When paying-it-forward goes all kinds of wrong; and other thoughts on kindness

My readers, my friends! I missed you! It has been too long since I got the chance to sit down and write. It’s been an interesting day and I’m foregoing an afternoon run for writing to you guys. There seems to have been a common theme of my day: simple acts of kindness.

I hate to be negative, but whether you realize it or not, this is probably a common theme of most days…. but not for a good reason. Whether you’d call it kindness or courtesy or love, I’d say our society does not do well in this department. 

While heading towards the doors of my calculus lecture hall, I noticed I was following a tall, dapper young man about my age by just a few steps. He turned his head around for a brief second, making momentary eye contact, as he reached for the door.

Surely this guy has seen me and will at least prop the door open long enough for me to hold it open for myself.

 Nope. I was wrong. The heavy metal door slammed in my face and he disappeared into the lecture hall. I can’t say I was stunned.

And that wasn’t the first time this has happened. I’d estimate it happens on a nearly daily basis to either me or passers-by I observe on campus. Now, this could be an argument on chivalry being dead, but I think that’s just too cliche… maybe even verging on worn-out to the point of irrelevance. I see it in females, too. I see it in children and parents and professors and baristas. It’s just a lack of caring about others. 

So I’ll share the second kindness-themed experience of my day…

As I stood in line in the CoHo (UC Davis’s food court at the student union) waiting to buy a slice of pizza, it popped into my head to pay for the person behind me in line’s slice. I planned on being as anonymous as possible, getting out of dodge before the person could identify me or try to repay me. I just wanted to do something to make a stranger’s day.

But, unsurprisingly, the cashier looked at me in confusion and asked why I wanted to pay for the girl behind me’s slice of cheese pizza. “Just to be nice,” I did not know how else to respond, “Just don’t tell her I bought it for her.” Another, worse look glazed over the cashier’s face. I genuinely felt judged for doing something abnormally kind.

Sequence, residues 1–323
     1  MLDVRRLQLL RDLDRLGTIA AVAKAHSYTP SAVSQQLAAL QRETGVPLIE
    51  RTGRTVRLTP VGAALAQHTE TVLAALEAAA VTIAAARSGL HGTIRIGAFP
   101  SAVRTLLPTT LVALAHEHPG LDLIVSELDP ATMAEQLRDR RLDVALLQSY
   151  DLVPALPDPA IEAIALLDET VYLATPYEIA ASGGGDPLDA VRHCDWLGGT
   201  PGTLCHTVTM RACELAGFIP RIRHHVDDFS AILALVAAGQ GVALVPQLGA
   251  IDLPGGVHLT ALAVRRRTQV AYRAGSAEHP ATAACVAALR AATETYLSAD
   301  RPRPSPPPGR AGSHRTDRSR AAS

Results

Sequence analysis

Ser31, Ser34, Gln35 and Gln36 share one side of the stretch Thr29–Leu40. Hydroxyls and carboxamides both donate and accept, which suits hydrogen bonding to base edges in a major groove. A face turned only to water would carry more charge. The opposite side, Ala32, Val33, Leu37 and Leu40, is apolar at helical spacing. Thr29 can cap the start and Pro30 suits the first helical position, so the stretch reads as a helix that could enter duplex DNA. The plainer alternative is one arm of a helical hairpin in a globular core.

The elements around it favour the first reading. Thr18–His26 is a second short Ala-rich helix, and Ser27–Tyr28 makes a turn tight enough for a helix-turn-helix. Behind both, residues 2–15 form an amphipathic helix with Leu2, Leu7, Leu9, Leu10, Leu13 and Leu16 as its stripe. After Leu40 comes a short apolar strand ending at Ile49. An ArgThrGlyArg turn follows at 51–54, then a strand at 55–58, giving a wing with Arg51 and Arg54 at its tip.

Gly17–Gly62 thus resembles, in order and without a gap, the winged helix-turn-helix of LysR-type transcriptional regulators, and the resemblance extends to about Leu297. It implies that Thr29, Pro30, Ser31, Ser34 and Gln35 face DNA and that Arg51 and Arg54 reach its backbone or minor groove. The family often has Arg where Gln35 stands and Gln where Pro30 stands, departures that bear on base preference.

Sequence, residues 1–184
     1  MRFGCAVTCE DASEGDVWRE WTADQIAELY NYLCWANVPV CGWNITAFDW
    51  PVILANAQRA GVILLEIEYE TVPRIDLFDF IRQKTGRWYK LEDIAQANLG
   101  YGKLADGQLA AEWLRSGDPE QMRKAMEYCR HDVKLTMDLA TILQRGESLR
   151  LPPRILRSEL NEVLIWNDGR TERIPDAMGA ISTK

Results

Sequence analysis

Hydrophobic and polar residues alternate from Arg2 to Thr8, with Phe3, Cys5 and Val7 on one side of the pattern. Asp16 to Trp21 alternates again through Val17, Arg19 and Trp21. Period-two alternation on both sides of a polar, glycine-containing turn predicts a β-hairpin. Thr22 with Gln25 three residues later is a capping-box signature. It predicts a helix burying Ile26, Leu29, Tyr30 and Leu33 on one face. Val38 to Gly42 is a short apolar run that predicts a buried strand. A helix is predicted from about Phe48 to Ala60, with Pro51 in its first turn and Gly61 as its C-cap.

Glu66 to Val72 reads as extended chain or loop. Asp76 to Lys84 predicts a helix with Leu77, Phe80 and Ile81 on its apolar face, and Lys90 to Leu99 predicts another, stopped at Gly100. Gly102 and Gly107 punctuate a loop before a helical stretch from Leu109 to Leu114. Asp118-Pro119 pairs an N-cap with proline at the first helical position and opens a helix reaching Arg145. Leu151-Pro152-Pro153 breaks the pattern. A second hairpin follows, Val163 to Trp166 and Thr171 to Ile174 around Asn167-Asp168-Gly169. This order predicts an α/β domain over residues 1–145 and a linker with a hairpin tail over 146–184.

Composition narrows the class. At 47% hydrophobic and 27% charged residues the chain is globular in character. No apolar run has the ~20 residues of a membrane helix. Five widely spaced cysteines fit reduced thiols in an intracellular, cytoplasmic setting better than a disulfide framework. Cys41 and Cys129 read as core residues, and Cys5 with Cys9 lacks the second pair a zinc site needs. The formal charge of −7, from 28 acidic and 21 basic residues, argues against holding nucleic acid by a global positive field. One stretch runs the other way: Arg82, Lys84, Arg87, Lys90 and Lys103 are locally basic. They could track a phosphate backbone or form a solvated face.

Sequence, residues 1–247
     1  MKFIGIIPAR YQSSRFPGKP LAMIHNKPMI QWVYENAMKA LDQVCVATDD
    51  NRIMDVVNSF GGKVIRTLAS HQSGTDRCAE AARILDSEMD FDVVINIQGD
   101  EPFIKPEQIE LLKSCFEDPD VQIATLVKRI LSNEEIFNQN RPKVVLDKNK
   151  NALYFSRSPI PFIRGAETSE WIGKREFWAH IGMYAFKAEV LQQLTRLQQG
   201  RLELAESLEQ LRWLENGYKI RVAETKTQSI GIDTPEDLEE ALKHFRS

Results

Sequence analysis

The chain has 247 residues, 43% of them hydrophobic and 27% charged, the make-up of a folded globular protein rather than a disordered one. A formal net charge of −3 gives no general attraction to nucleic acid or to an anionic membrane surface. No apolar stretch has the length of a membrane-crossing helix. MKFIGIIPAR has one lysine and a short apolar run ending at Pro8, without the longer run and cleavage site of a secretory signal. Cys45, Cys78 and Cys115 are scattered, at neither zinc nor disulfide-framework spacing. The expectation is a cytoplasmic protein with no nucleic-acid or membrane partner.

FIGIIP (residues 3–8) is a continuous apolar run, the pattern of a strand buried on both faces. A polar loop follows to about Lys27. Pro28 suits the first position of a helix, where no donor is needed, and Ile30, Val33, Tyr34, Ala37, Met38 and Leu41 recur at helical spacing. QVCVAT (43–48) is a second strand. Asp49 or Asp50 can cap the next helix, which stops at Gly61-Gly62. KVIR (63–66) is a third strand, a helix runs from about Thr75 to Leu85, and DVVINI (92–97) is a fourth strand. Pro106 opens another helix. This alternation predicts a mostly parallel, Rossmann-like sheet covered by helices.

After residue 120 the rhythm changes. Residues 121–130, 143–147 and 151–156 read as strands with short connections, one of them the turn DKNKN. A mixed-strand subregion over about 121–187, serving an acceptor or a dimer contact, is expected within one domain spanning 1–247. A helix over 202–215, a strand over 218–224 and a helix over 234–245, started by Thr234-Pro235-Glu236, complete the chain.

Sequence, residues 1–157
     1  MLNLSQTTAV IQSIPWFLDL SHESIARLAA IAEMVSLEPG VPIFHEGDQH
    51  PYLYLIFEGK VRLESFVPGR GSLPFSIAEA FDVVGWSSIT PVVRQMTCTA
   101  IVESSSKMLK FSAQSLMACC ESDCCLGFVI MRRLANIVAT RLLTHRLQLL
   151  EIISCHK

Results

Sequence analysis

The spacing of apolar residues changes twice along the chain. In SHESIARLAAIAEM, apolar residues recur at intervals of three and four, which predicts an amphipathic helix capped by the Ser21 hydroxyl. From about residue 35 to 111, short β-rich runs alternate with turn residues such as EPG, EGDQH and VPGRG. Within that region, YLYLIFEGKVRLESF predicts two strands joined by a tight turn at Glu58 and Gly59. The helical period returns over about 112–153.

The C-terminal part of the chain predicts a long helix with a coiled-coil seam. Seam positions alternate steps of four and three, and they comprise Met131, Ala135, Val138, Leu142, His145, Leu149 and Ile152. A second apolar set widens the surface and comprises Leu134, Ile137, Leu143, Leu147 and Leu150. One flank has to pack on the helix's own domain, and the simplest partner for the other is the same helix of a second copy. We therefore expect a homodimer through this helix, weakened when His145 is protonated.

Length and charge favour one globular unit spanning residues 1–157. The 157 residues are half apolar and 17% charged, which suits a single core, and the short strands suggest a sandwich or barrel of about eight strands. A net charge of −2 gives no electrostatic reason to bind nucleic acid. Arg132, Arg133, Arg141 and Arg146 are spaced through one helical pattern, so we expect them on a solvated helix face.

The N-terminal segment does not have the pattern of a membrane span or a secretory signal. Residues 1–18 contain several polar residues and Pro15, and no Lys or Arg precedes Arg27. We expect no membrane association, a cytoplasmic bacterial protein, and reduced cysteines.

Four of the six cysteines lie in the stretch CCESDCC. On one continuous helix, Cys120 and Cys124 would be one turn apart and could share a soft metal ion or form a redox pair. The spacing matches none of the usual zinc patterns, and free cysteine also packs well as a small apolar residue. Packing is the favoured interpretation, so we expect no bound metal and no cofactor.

Then, the next register opened and the cashier had to explain to the her co-worker the slice of pizza had already been paid for, which of course confused the girl paying for her meal. The cashier ended up telling her I had bought it; all the while, I stood there awkwardly. 

“Why’d you do that?” The girl asked to which I shrugged and responded, “Just a little pay-it-forward, I guess.” She graciously took the piece of pizza, didn’t even ask for my name, thanked me… nonetheless, seemed confused and taken aback.

It’s things like this incident… or like when I smile at people while I bike or run or walk by, and they intentionally look away as if I’m physically diseased… that I wonder what has happened to kindness in this world. How is it that kindness has become such a rarity? Why is doing something out of the goodness of our hearts looked down upon nowadays? 

It’s easy to get caught up in our day-to-day living without giving a thought to the human beings also doing life around us. I just don’t think this is any sort of excuse for neglecting our ability, as humans, to bring simple joy to others, even others that we don’t know. I guess I’m just a little disappointed about my day, and the regular happenings of most days, when I think about it. 

I will never stop smiling at people in public, even if it does make them uncomfortable. I will rcontinue to find small ways to make other people feel loved, even if they don’t always follow script. I will hold doors open for the person behind me, whether male or female. I will examine the parts of my life that could use a face-lift when it comes to being kind. I propose you join me.

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One thought on “When paying-it-forward goes all kinds of wrong; and other thoughts on kindness

  1. thank you, the article and the true happiness rays began to warm hearts, when we share it with sincerity. Greetings from Gede Prama 🙂

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